Russia’s convergence of church and state
Olga Shvarova argues that Russian officials used the Orthodox Church as a political pawn to reinforce their own power during the Pussy Riot trial.
Patriarch of Moscow and All Russia Kirill conducts a service to mark Vladimir Putin as Russia's new President in 2012 (Photo by Reuters/Alexsey Druginyn).
Although there are many fabricated court cases in Russia, the Pussy Riot trial stands out for the involvement of the Russian Orthodox Church, which lent its voice to support the state prosecution. Principles of religious morality were cited against Pussy Riot in court, and in one poll, as many as 42% of the population agreed that the band members’ behaviour was contrary to Orthodox ethics and must be punished. I wonder if this percentage would be quite so high if the church had not condemned the performance. Pussy Riot performed similar acts in different places, including a cathedral, and nobody stopped them. It was the addition of Putin’s name to the “punk prayer” and the performance’s subsequent viral spread online that brought about the band’s arrest. But more substantial reasons were necessary to justify the prosecution, highlighting the special relationship between the Church and the Kremlin.
The Russian Orthodox Church was permitted a carefully controlled existence when the Soviet Union was officially an atheistic state and hostile to religion. This tolerance was granted for the promise of vassal service. In recent years, the Church, formally independent, has in reality fulfilled the function of a state department. This role was evident when Vsevolod Chaplin, head of PR for the Church, made an official statement calling the transfer from Medvedev back to Putin as president in 2011 “an example of moral behaviour in politics”. Still, it would be erroneous to think that the Church is affecting or trying to affect the Kremlin through moral principles. It is the government that is using the Church and its moral stand to achieve its own ends, and the aim of the government is to retain power. The Church does not object to being used because in return it receives not only government grants but also political privileges.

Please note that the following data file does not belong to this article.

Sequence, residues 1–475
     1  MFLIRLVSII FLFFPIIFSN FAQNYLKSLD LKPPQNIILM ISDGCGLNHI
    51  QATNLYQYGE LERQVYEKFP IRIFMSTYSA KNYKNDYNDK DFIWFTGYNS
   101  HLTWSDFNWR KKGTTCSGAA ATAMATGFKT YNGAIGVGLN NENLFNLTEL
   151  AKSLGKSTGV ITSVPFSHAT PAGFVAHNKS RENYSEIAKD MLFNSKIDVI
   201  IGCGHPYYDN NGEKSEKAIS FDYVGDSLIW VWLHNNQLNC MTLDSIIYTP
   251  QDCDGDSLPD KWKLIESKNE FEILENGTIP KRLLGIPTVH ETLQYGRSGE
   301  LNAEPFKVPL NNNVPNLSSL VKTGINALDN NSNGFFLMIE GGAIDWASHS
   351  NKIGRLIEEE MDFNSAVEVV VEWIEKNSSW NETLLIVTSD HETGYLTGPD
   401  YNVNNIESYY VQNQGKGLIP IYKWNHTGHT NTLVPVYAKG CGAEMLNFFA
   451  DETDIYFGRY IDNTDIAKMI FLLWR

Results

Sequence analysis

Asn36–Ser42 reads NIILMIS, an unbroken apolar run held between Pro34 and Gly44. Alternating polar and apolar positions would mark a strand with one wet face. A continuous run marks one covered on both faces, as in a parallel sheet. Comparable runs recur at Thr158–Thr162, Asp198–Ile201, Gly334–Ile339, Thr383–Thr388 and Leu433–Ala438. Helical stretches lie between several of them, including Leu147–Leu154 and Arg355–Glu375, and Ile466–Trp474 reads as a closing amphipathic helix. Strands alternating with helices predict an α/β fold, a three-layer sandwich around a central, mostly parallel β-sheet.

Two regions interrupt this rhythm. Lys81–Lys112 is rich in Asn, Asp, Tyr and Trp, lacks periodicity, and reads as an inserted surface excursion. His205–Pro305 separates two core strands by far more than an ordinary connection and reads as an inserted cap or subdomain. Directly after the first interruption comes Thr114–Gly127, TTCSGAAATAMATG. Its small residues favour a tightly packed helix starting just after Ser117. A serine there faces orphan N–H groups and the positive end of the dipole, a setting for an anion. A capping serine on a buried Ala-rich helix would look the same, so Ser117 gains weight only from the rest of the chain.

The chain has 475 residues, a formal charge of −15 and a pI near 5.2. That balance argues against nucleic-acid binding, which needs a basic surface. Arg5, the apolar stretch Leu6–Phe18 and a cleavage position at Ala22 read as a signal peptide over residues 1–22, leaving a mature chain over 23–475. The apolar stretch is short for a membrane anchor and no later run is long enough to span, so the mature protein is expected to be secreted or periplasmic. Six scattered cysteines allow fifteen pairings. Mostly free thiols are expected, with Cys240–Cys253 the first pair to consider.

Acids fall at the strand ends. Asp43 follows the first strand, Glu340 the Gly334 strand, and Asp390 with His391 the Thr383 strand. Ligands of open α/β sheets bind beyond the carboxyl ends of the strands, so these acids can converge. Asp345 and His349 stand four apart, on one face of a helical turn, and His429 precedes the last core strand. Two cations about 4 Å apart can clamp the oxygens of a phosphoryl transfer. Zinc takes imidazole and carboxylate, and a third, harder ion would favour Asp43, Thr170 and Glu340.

The state established “moral standards” for Pussy Riot, and the Church obediently endorsed them. As a result, some Orthodox groups officially demanded strong punishment for the performance they considered blasphemous and disrespectful while many ordinary priests commented in their blogs and to their congregations on the Christian virtue of forgiveness. Despite asking the court for mercy on behalf of Pussy Riot and calling for clemency after the trial, the Church insists that the performance was damaging to Orthodox values and that authorities should suppress such acts in the future. As a result, any active citizen with a dissenting opinion and a loud voice now faces not only bogus trials but also prosecution in the name of morality.